Introduction: Bacille Calmette–Gue´ rin (BCG), an attenuated strain of Mycobacterium bovis, is a rare cause of infection, with few published cases in immunocompetent individuals. Case presentation: We present the case of a cutaneous abscess in an immunocompetent infant returning from Morocco, where he received a BCG vaccination. The abscess developed at the site of inoculation in the forearm (a non-recommended site) in the absence of lymphadenopathy or systemic signs. The lesion did not recur after aspiration of the abscess and further treatment was not required. Conclusion: Infections caused by M. bovis BCG may be difficult to diagnose without systemic signs or lymphadenopathy but should be suspected in children returning from regions where BCG vaccination is widely applied. The present report suggests that abscess formation after BCG vaccination is a continuing problem, particularly in tuberculosis-endemic areas and when recommendations concerning dosage or injection techniques are not followed. Moreover, we highlight here the importance of combining phenotypic and genotypic methods for quick identification of Mycobacterium bovis BCG in abscess drainage fluids.

A case of abscess after BCG vaccine in an immunocompetent child without other clinical signs

D'Aleo, Francesco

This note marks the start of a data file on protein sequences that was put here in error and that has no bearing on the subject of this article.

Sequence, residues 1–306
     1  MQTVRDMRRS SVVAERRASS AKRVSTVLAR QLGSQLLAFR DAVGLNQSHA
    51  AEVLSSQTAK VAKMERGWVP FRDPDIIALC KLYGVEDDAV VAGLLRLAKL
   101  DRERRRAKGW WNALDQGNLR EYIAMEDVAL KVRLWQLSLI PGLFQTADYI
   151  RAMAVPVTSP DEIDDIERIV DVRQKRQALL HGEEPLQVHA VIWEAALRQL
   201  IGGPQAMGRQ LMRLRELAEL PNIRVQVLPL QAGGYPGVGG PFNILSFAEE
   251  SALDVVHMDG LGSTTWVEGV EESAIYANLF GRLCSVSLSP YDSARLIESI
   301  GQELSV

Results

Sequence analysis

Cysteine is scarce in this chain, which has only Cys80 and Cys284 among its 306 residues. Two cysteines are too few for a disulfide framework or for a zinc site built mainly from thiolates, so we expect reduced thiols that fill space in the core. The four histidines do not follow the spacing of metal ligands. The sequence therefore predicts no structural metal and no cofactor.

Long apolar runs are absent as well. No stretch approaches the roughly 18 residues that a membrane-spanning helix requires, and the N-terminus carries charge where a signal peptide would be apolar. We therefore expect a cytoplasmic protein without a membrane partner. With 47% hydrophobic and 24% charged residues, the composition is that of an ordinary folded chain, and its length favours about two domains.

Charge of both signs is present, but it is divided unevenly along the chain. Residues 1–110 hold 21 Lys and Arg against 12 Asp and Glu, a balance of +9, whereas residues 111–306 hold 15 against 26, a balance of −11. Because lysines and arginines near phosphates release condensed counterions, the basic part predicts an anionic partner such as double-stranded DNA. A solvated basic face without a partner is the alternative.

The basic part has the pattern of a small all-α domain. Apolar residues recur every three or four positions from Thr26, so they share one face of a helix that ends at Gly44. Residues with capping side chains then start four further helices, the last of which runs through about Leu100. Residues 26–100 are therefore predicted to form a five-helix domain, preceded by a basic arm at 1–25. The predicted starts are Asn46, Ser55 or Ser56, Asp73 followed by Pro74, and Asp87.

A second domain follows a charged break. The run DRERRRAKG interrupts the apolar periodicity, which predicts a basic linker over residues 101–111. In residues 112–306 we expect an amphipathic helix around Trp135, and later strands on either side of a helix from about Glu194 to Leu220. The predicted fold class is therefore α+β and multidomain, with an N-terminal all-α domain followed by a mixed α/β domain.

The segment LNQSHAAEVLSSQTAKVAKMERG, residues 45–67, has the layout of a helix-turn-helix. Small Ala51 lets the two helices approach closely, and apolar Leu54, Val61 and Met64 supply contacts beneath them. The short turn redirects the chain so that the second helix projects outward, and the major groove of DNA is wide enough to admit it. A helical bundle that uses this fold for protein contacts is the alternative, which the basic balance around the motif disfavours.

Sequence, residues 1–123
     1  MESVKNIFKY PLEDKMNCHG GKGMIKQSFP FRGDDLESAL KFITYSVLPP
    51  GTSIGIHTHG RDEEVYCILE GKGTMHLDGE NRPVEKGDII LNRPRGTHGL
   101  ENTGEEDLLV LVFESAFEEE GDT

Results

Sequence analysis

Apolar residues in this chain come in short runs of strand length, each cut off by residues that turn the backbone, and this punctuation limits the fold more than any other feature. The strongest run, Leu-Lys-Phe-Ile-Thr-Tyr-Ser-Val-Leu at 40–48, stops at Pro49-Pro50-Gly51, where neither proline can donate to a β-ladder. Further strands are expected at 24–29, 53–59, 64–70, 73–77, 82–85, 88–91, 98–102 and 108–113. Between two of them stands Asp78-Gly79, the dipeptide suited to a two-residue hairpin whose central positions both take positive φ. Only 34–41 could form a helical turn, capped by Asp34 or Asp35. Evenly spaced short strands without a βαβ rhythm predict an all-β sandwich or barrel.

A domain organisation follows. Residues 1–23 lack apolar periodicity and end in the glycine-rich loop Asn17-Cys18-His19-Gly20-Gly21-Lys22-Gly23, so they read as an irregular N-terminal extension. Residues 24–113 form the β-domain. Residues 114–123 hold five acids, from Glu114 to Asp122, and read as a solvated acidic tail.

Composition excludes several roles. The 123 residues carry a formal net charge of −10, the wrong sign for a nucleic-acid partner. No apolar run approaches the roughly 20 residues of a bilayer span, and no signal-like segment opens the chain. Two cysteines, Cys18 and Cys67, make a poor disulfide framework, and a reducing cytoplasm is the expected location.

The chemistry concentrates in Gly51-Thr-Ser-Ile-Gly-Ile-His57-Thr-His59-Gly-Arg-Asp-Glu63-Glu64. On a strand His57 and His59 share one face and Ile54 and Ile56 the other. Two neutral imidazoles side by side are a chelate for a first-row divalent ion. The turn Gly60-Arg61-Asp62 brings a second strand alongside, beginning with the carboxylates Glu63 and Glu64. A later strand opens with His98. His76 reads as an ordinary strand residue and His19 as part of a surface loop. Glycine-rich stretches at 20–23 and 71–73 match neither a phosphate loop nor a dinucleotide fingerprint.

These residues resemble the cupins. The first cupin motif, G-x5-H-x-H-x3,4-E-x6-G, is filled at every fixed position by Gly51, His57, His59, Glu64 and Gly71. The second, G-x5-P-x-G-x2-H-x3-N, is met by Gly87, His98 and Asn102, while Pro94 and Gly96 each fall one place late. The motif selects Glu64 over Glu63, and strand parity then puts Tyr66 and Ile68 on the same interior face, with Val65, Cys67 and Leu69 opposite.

Primo
;
Arena, Salvatore;Midiri, Angelina;Mancuso, Giuseppe;Biondo, Carmelo;Beninati, Concetta
Ultimo
2015

Abstract

Introduction: Bacille Calmette–Gue´ rin (BCG), an attenuated strain of Mycobacterium bovis, is a rare cause of infection, with few published cases in immunocompetent individuals. Case presentation: We present the case of a cutaneous abscess in an immunocompetent infant returning from Morocco, where he received a BCG vaccination. The abscess developed at the site of inoculation in the forearm (a non-recommended site) in the absence of lymphadenopathy or systemic signs. The lesion did not recur after aspiration of the abscess and further treatment was not required. Conclusion: Infections caused by M. bovis BCG may be difficult to diagnose without systemic signs or lymphadenopathy but should be suspected in children returning from regions where BCG vaccination is widely applied. The present report suggests that abscess formation after BCG vaccination is a continuing problem, particularly in tuberculosis-endemic areas and when recommendations concerning dosage or injection techniques are not followed. Moreover, we highlight here the importance of combining phenotypic and genotypic methods for quick identification of Mycobacterium bovis BCG in abscess drainage fluids.
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Utilizza questo identificativo per citare o creare un link a questo documento: http://hdl.handle.net/11570/3070835
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